More than 60 percent of golden retrievers succumb to cancer. The Denver, Colorado–based Morris Animal Foundation launched the Golden Retriever Lifetime Study to gather information by observing 3,000 goldens over the course of their lives and build a comprehensive database. It’s the first time a study of such scope has been conducted in dogs. The study will continue until the last of the enrolled goldens dies.
Normal life span no more
Forty years ago, golden retrievers often lived to a ripe old canine age — up to 15 years or more. In recent decades, the average golden’s life span has dropped to nine or 10, with many dying before reaching even that “middle age” in dogs. One purpose of the study is to uncover the factors that shortened the breed’s life span, factors that may have implications for human health. These dogs live with people — the two species share 95 percent of DNA — so environmental issues may come into play.
Cancer in golden retrievers
Certain cancers are especially prevalent in the breed. These include:
- Hemangiosarcoma — An aggressive cancer of the blood vessels, this deadly cancer generally originates in the spleen, liver or heart, and metastasizes to the lungs. Since early symptoms are subtle, by the time a golden becomes noticeably ill, he likely has a short time to live.
- Lymphoma — This is a cancer of the white blood cells (lymphocytes). Once diagnosed, chemotherapy is an option and can help an affected golden live longer.
- Mast cell tumor — These skin tumors affect a dog’s connective tissue. A dog’s prognosis depends on the size and stage of the tumor. Surgery for a low-grade tumor may offer a cure, while higher-grade tumors are likely to spread.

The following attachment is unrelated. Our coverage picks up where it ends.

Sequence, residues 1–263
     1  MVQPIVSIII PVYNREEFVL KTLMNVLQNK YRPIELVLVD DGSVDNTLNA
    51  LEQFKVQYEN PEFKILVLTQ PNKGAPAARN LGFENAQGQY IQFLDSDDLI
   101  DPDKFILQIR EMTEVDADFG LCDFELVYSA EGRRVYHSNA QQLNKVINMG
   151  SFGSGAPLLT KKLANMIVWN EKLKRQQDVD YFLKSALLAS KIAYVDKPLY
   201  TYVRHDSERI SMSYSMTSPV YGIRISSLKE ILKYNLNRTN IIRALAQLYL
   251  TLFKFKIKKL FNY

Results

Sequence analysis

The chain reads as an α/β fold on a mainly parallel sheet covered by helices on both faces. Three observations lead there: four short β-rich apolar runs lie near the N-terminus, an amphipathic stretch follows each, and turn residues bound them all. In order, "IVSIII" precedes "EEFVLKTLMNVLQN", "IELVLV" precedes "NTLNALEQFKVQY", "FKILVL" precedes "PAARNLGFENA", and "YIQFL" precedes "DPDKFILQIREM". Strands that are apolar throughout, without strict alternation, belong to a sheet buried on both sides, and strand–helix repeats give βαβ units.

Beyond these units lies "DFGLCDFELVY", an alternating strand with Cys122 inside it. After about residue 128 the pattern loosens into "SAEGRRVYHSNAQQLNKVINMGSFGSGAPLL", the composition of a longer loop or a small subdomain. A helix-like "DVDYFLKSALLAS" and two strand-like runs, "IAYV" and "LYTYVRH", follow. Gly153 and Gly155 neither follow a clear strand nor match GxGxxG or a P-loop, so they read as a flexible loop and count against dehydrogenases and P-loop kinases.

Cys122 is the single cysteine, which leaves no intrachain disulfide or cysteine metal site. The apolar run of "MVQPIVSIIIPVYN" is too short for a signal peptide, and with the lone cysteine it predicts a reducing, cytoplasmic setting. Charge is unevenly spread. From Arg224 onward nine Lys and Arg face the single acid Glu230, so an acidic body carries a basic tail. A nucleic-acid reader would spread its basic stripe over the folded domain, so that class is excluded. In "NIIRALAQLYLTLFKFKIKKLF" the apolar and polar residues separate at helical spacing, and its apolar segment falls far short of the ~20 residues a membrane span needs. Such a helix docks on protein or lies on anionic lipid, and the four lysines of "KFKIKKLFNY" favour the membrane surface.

- Osteosarcoma — This bone cancer most often occurs in the legs or shoulders. If it has not spread, limb amputation can buy the dog some time.
The Framingham Heart Study
The idea for the Golden Retriever Lifetime Study is based on the Framingham, Massachusetts, heart study, the longest-running study in human medicine. It began in 1948 and is now following participants in its third generation. The study set out to identify major risk factors for cardiovascular disease, and approximately 2,400 research papers have come out of it to date.
Golden Retriever Lifetime Study
The Morris Animal Foundation’s $25 million lifetime study began in 2012 with the first enrollment of dogs. Enrollment was completed in 2015. Participating owners and their veterinarians fill out periodic, extremely detailed questionnaires regarding the dog’s health and lifestyle. Anything new in the home, such as a move, other pets or children, are reported. Behavioral and dietary changes are carefully noted. Sleeping arrangements, toys, treats — nothing is irrelevant in this comprehensive study.
Vets collect samples for laboratory testing, including blood, feces, toenail clippings, urine and hair. Each golden receives a complete annual physical exam, with a $75 reimbursement paid to owners to offset exam costs. Any additional veterinary visits are reported to the study. If a dog does develop a tumor, a sample is sent to a laboratory for testing.
Owners provided a minimum of a three-generation pedigree for their pet’s acceptance into the study. Only dogs living in the lower 48 states were eligible. Every dog in the study was under the age of two and healthy at the time of acceptance. Males and females are represented in equal numbers, with about half of both genders spayed or neutered and the other half intact.
Seven goldens in the study have already died, primarily from cancer. One dog was hit by a car. One-third of the goldens has been diagnosed with ear or skin infections, gastrointestinal issues afflicted 17 percent and 11 percent suffered from urinary diseases.
There’s only one thing wrong with golden retrievers — they don’t live long enough. For too many years, too many goldens have been shortchanged for life expectancy, and too many owners have experienced the grief of not only losing their best friends, but losing them too soon. Perhaps the lifetime study will unlock reasons for goldens’ shortened life spans and enable the breed to thrive once more.
Jane Meggitt graduated from New York University and worked as a staff writer for a major New Jersey newspaper chain. Her work on pets, equines and health have appeared in dozens of publications, including The Daily Puppy, The Nest Pets, Horse News, Hoof Beats and Horseback magazines.